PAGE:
Just before the expedition sailed, Crozier learned that his offer of marriage to Sophia Cracroft, Franklin’s niece, was rebuffed. It was an omen for the voyage, perhaps, and Crozier sailed in a melancholy frame of mind, even telling fellow officers that he didn’t expect to return.

On May 19, 1845, the two vessels were farewelled at Greenhithe, London, with all due pomp and ceremony. Watched by an enthusiastic cheering crowd of some 10,000, Erebus, Terror and their elite crews departed. Six weeks later, the ships reached Disco Bay in Greenland, where they offloaded supplies. On July 12 they struck west across Baffin Bay, and on July 26 were last sighted by two Arctic whalers.

The next two years were to see the expedition entombed in darkness for 19 months by monstrous ice packs pouring off the North Pole like avalanches. Temperatures of 50-60 below zero cracked bolts and fastenings like rifle shots. Blizzards, lasting for weeks on end, buried Erebus and Terror in 20-foot snowdrifts.

Life in this frozen prison was brutal. Each sailor had a space 14 inches wide for his hammock, and despite the ‘heating system’, quarters were damp and bedding, often shared with rats, continually froze in the numbing cold. Rations were in short supply, while the incessant grinding of ice against the hull, and the shrieking of the polar wind in the top decking and masts completed the torment. Isolation, loneliness, privation and fear were unremitting.

The twin spectres of debilitation and death stalked the officers and crew. On June 11, 1847, Sir John Franklin died and Crozier assumed leadership of the beleaguered expedition. During the following ten months, the body count mounted. With stores dangerously low and no apparent thaw imminent, Crozier decided to abandon ships and attempt to reach the Hudson’s Bay Company outpost on Great Slave Lake on foot.

Accompanied by the remaining 104 survivors, he set out on the 900 mile trek across the inhospitable ice desert. Blinded by snow glare, numbed with cold, dehydrated and tortured by hunger, the emaciated men moved painfully southwards on gangrenous and frost bitten feet. Starvation, scurvy and exposure continued to decimate the remnants of the company.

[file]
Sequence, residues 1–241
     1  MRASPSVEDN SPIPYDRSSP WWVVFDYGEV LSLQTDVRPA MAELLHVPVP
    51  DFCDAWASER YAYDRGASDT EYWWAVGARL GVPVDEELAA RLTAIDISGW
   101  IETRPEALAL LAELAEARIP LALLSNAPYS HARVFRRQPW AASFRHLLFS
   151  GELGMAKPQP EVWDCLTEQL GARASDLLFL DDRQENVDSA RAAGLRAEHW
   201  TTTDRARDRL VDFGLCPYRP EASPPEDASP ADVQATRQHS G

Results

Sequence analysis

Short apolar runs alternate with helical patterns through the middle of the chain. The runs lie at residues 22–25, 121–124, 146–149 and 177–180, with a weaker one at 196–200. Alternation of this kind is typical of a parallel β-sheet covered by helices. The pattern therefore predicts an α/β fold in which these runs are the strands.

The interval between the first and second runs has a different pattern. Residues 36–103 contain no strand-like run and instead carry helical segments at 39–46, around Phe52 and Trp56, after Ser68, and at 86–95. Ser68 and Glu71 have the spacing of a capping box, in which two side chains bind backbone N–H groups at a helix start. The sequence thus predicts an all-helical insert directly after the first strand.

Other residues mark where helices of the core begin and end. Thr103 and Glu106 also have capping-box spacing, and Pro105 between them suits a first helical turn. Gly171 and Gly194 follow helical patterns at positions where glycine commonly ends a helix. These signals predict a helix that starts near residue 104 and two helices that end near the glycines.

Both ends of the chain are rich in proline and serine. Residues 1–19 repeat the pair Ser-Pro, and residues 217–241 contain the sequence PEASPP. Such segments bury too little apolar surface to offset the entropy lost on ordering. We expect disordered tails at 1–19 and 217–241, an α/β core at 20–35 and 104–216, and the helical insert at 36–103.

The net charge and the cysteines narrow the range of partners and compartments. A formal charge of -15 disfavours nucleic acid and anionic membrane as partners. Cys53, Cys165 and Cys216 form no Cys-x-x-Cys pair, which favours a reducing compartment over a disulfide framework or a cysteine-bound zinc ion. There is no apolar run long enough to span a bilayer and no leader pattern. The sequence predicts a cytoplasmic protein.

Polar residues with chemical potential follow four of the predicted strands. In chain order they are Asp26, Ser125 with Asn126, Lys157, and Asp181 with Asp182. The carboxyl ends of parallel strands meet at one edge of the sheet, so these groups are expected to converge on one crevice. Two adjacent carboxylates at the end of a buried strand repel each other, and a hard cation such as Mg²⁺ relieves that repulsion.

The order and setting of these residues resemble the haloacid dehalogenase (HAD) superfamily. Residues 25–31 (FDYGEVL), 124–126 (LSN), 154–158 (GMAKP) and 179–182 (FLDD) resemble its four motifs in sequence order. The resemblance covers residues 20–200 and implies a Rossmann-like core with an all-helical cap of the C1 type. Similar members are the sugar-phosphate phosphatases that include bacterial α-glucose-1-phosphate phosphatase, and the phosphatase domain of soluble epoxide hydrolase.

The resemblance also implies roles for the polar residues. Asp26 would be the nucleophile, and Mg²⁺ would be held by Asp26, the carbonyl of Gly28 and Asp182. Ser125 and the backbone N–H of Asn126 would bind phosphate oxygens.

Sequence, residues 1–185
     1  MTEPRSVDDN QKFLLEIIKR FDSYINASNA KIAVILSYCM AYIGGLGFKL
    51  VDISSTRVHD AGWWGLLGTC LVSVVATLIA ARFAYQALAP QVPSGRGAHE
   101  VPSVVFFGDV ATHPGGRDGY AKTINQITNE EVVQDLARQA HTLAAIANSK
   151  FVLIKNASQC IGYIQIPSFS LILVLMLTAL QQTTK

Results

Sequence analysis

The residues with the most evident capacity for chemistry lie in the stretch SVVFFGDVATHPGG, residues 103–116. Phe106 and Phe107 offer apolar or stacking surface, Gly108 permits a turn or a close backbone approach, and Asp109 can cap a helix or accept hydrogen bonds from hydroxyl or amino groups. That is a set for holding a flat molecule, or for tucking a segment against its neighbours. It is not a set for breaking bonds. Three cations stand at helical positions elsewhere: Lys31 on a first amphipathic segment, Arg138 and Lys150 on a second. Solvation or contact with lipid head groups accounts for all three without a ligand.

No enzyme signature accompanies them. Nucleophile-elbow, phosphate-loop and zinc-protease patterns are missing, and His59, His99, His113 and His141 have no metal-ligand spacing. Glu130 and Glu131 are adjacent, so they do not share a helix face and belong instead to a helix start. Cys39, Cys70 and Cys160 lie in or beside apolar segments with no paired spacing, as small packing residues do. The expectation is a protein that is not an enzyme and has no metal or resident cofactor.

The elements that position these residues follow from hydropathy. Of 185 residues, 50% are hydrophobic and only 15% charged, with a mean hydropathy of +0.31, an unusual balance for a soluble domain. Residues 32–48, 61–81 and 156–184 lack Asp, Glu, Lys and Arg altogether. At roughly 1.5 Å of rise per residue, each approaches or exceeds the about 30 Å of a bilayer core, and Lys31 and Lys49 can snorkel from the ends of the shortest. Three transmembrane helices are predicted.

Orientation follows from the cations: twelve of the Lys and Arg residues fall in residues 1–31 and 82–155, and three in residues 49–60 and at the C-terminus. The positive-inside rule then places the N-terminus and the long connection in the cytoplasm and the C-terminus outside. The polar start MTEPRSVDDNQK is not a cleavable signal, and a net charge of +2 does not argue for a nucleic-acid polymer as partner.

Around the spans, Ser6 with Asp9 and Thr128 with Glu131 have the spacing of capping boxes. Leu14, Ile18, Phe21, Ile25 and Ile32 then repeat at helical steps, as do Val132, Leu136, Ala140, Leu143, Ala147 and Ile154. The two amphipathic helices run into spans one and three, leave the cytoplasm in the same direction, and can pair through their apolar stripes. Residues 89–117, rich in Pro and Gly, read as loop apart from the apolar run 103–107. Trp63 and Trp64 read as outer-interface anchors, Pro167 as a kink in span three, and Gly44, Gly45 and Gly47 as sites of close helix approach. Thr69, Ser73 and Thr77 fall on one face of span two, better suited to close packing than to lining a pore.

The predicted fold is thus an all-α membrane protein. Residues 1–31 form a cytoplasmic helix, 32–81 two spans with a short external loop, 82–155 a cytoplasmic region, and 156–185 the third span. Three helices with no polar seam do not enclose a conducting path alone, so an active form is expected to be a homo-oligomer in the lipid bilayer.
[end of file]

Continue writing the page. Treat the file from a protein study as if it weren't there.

In order to save the living, Crozier was forced to make a nauseating decision: to cannibalise the dead. Remains subsequently found along the route of this ‘death march’ attest to intentional dismemberation of corpses. The remains of the expedition were later discovered on Montreal Island, near the mouth of the Back’s River, some 600 miles north east of their intended goal.

The expedition may have foundered, but the courage and camaraderie of the crew seemingly remained resolute in face of the most horrific Arctic conditions and depravations. It is rumoured that Crozier survived and spent his remaining days amongst the nomadic Chipewyan herders of northern Canada, though this has never been confirmed.

Certainly his previous forays into the polar regions endowed him with the necessary knowledge and endurance skills to have done so. Like those indigenous people, Crozier was a wanderer, an ‘outsider’ amongst his own. Perhaps he may have found contentment and acceptance for what he was among them, rather than discrimination based on his Irish birth and social background.